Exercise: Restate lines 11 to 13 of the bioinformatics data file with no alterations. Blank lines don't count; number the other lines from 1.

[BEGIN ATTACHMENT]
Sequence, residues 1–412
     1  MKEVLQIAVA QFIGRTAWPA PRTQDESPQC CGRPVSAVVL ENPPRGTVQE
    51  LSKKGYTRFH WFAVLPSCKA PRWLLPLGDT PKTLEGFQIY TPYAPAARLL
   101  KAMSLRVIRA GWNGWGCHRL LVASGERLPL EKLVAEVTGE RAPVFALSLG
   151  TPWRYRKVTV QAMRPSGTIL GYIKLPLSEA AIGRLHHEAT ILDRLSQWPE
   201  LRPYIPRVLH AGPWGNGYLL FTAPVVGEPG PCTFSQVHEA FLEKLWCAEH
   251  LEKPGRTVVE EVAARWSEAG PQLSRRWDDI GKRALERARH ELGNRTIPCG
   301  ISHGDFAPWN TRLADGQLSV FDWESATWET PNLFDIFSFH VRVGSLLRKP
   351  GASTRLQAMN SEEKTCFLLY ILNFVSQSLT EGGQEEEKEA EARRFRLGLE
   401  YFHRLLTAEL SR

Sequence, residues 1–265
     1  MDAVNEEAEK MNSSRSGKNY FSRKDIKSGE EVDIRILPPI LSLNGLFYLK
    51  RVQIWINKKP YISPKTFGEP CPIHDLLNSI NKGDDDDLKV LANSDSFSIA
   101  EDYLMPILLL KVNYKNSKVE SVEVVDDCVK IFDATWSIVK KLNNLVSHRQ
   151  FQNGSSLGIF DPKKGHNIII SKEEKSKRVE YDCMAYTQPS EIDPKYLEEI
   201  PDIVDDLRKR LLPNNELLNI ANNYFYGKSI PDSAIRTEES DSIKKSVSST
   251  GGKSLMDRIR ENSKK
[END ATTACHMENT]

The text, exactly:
Sequence, residues 1–265
     1  MDAVNEEAEK MNSSRSGKNY FSRKDIKSGE EVDIRILPPI LSLNGLFYLK
    51  RVQIWINKKP YISPKTFGEP CPIHDLLNSI NKGDDDDLKV LANSDSFSIA